SHOULD you be pouring as much money as you can into your pension before tax relief, which is worth £34bn a year, is abolished or significantly cut, Ruth Emery of the Sunday Times reports.
A change to the generous system, which particularly rewards the well-paid, is widely expected. The chancellor launched a consultation in July — and the answer may be given in his autumn statement on November 25.
With a pensions minister who in her previous career championed a shift away from tax relief that favours the wealthy, and a chancellor who needs to save money, a change may well lie ahead.
Higher Rate Taxpayers receive 40% relief — in essence, free money from the government to encourage them to save for retirement — on their pension contributions. Basic-rate taxpayers receive 20% and those who earn more than £150,000 gain the most at 45%.
The Treasury consultation, due to finish at the end of this month, is looking at how to make the system simpler and, crucially, more sustainable and less expensive.
The tax relief bill has ballooned from £17.6bn in 2001-2 to £34.3bn in 2013-14. It could top £40bn by 2018, according to the pensions consultancy Hymans Robertson.
The government said it was “approaching the consultation with an open mind”, which could mean anything from the scrapping of tax relief to the introduction of a flat rate or of a ‘pension Isa’.
Steve Webb, the Liberal Democrat who served as pensions minister in the last government, has pushed for a 33% flat rate. In an article in Money last month, he said the “advantages would be considerable”.
His successor, Baroness Altmann, was previously an independent — and outspoken — pensions expert. In that role, she argued that a flat rate would be fairer.
People earning more than £110,000 could be hit by a clampdown already planned for April (see below).
How does tax relief work?
Everyone up to the age of 74, including children and non-taxpayers, can claim tax relief. The rate is 20% for children, those who do not pay tax and basic-rate taxpayers. If they paid £400 into a pension, an extra £100 would be added to their pot courtesy of HM Revenue & Customs.
The top-up is, substantially greater for higher earners. A £10,000 contribution would cost an additional-rate taxpayer only £5,500, for example.
Remember, though, that to benefit from the relief, your earnings must exceed your contributions — you cannot pay in more than you earn in a particular financial year.
If you do not pay income tax, you are given an allowance that means the first £2,880 put into a pension attracts tax relief. At the 20% rate, the contribution adds up to £3,600.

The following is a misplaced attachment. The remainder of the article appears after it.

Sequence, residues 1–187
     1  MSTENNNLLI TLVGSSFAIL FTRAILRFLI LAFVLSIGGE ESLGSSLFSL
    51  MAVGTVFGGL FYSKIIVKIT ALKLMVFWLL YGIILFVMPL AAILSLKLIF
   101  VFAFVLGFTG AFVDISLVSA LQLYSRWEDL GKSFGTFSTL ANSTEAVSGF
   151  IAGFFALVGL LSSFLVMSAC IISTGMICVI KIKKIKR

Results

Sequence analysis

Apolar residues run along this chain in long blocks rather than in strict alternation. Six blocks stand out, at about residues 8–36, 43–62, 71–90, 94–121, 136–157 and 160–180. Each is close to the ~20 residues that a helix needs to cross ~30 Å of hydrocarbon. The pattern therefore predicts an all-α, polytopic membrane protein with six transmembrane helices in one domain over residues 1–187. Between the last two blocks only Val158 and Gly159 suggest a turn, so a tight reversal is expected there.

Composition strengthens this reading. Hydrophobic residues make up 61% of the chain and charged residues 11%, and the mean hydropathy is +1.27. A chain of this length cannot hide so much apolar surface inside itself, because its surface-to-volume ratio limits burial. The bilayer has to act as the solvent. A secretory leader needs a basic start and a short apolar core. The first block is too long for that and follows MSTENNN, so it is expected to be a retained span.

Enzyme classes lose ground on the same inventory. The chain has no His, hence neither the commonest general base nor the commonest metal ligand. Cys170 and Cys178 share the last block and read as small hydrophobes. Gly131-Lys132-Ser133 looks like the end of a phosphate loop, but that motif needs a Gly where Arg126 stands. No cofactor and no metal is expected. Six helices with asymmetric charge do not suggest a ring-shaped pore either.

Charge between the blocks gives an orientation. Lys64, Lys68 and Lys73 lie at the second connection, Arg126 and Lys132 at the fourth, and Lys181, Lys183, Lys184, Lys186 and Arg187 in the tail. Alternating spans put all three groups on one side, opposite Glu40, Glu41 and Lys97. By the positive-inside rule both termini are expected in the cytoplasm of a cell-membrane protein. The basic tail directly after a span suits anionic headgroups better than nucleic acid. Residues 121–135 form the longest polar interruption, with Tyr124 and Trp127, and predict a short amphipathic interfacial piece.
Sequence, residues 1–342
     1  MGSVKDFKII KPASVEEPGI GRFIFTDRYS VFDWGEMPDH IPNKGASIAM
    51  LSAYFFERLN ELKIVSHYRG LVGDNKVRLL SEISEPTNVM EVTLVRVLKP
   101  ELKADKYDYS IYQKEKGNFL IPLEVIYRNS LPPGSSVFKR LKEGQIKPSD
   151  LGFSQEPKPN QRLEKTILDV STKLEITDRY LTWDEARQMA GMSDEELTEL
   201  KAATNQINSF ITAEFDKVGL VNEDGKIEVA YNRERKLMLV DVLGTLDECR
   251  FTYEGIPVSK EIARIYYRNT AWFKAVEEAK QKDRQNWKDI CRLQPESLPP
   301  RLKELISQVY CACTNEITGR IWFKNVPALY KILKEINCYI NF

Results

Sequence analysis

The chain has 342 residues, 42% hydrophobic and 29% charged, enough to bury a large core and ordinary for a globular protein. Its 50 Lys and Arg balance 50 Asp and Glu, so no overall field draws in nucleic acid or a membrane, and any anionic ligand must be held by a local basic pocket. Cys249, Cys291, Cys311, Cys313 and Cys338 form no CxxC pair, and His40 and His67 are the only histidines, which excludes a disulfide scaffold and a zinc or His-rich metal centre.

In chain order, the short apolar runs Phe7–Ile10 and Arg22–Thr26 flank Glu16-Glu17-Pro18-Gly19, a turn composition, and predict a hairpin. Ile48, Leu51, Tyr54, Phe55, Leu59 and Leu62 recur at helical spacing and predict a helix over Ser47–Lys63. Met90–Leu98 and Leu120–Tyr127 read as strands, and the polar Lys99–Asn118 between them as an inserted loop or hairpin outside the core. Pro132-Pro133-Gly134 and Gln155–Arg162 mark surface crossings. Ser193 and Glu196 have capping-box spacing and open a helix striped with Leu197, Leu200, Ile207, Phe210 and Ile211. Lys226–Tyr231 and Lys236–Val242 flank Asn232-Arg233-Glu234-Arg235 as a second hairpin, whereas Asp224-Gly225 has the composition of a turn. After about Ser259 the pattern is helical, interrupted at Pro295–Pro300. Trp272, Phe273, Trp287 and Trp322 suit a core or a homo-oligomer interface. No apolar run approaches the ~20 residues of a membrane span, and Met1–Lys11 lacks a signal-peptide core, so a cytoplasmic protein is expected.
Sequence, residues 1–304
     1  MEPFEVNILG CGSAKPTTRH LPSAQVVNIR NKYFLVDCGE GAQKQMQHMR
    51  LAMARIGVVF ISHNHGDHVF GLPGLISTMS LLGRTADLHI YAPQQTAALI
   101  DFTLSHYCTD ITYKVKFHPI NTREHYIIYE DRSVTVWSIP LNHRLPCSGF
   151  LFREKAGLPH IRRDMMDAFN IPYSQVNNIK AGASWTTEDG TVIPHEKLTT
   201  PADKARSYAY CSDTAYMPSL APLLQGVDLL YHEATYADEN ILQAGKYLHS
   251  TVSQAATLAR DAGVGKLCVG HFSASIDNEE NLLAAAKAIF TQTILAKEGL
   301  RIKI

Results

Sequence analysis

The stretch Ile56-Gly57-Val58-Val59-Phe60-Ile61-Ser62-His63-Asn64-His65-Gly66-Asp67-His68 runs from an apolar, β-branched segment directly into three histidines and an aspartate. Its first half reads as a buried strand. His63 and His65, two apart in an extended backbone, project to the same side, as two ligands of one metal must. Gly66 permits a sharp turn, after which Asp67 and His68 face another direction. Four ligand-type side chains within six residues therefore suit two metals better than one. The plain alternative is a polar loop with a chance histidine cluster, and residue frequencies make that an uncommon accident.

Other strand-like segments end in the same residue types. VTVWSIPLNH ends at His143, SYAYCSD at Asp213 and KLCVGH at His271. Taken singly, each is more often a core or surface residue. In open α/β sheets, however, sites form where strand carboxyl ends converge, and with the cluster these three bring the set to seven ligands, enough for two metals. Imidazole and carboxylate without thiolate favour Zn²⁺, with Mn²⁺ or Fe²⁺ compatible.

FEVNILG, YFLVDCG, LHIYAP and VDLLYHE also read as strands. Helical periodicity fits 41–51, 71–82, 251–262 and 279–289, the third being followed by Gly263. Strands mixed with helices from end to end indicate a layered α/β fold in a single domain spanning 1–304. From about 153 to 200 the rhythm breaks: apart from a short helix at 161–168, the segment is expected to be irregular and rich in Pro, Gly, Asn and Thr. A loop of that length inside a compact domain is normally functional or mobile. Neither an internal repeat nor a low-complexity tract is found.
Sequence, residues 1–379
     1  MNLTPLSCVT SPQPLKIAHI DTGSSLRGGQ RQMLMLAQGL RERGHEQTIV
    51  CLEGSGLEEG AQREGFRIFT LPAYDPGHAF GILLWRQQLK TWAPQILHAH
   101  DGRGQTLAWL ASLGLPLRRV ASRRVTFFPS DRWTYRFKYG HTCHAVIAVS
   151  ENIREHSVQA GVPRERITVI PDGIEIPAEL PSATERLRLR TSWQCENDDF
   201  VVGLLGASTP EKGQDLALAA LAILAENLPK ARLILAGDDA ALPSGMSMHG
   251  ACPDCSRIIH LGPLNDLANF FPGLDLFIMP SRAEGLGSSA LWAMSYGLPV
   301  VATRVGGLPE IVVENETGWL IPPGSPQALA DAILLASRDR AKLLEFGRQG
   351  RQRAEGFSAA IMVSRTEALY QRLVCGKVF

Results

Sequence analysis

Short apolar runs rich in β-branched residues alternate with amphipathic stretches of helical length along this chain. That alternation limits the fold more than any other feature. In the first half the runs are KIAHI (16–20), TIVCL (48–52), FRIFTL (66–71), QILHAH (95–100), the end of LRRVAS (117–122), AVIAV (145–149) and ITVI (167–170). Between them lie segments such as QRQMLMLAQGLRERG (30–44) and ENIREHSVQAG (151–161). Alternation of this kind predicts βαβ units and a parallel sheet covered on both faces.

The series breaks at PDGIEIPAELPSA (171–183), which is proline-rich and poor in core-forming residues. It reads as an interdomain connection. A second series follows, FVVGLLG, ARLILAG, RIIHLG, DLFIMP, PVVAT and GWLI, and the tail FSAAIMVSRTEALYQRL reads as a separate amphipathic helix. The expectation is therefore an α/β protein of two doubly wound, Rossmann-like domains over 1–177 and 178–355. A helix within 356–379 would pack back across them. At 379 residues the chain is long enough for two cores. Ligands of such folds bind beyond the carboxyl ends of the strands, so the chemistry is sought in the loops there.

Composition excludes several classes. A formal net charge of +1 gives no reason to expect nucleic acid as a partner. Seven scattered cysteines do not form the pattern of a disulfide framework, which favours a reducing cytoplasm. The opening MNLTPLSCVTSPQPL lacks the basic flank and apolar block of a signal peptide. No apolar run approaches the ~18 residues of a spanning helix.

George Osborne emphasised in his budget that any changes would need “careful and public consideration”. Indeed, the Treasury consultation states: “The consensus may be that no change is needed.” But the pensions industry is expecting reform.
Many people find today’s system confusing, which is why a move to a 33% flat rate — which could be promoted as a supermarket-style deal: “Put £2 into your pension, get £1 free!” — would appeal.
Mike Currie at Fidelity Personal Investing said: “It is possible that in a few years, tax relief could be thought of like final salary schemes are today: a very generous offering for the ‘lucky few’ who happened to be at the right place at the right time.”
High earners currently get a fantastic deal thanks to their 40% or 45% rate. When they reach the age of 55, they can withdraw 25% of their pot tax-free, and pay income tax on the rest, meaning the government should recoup some of the relief it paid out. However, most people become basic-rate taxpayers in retirement as their income falls, so they pay just 20% tax on pension withdrawals.
This is one of the ways the system favours wealthy savers. More than two-thirds of pensions tax relief goes to higher and additional-rate taxpayers, according to the Treasury.
As Patrick Connolly at Chase de Vere puts it: “It is pretty certain that any new regime will not be more beneficial for higher or additional-rate taxpayers. For them, the situation will be the same, or it will be worse. It therefore makes sense to maximise pension contributions now.”
Should I borrow money to top up my pot?
We warn against such a move because of the cost of borrowing, the fact that the pension investments could fall in value, and the possibility that the chancellor may decide not to reform tax relief.
“There is the risk of ending up with some pretty expensive egg on your face,” said Connolly.
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